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J Am Acad Dermatol. 2002 Oct;47(4):505-11.

Aggressive management of juvenile dermatomyositis results in improved outcome and decreased incidence of calcinosis.

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Dermatology and Rheumatology Programs, Children's Hospital, Harvard Medical School, Boston, MA 02115, USA.



Long-term consequences of juvenile dermatomyositis (JDM) include onset of calcinosis and subsequent functional impairment. Historic incidence of calcinosis has been reported between approximately 23% and 70%. Recent reports note improved outcome with high-dose steroids, yet the incidence of calcinosis has remained above 30%.


We attempted to determine whether rapid, aggressive disease management can prevent calcinosis and improve functional outcome.


Medical records of children with JDM managed at a pediatric medical center during a 10-year period were reviewed to determine (1) interval between onset of symptoms and diagnosis, (2) treatment modality, and (3) functional outcome and presence of calcinosis.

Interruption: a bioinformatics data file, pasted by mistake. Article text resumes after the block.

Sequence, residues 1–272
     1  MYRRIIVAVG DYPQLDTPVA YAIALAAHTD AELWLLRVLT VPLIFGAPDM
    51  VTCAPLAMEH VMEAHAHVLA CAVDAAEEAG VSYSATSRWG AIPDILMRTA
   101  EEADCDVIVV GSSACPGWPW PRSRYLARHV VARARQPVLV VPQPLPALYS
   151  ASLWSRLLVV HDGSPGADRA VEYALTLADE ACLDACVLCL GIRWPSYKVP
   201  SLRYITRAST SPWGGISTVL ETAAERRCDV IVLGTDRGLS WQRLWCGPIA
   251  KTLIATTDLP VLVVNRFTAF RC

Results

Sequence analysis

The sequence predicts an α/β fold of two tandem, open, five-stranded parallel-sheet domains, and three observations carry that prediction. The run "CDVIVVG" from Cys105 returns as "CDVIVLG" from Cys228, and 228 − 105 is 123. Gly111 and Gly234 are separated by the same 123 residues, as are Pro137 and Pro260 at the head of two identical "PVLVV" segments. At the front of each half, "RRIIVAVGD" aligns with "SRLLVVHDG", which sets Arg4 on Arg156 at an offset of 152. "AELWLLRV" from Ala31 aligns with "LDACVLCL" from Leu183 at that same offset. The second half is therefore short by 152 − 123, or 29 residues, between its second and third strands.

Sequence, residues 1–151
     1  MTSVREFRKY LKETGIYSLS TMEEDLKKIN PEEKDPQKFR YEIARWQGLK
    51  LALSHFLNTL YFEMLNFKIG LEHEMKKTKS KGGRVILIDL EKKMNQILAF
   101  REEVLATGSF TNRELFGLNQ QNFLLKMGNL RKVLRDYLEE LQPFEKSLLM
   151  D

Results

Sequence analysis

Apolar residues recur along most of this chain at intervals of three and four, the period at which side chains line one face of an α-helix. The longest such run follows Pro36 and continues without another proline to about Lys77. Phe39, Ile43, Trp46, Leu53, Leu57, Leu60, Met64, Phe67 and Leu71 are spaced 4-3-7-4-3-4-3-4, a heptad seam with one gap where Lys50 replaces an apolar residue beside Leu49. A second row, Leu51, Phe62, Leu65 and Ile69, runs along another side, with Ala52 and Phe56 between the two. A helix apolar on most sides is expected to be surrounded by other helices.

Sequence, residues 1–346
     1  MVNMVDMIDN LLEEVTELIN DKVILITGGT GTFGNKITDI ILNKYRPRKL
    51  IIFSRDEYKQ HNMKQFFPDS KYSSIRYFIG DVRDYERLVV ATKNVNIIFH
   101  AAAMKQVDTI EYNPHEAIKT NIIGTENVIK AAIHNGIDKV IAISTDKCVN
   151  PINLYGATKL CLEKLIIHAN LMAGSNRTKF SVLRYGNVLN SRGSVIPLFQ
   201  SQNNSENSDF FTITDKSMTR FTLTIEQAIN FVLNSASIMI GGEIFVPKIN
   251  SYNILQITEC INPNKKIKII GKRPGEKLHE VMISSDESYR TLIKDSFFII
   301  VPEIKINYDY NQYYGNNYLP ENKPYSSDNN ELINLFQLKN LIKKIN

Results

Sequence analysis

A total of 21 female and 14 male subjects diagnosed with JDM met inclusion criteria, with a mean age of diagnosis of 7.6 +/- 3.9 years. Mean time from onset of symptoms to treatment was 6.6 +/- 8.2 months. Pulse intravenous methylprednisone (30 mg/kg daily) or high-dose prednisone was used in 31 of 35 patients. Patients who failed to respond within 6 weeks were started on a regimen of methotrexate (23/35). At follow-up, 5 patients had mild calcinosis (14%). Onset of calcinosis was associated with a longer time to diagnosis and treatment (30.6 vs 6 months, P =.003), a longer duration of elevated muscle enzymes (34 vs 12.6 months, P =.03), and longer disease duration (42.8 vs 22.2 months, P =.05).


Stepwise, aggressive treatment directed at achieving rapid and complete control of muscle inflammation is highly successful in minimizing the long range sequelae of JDM, including calcinosis.

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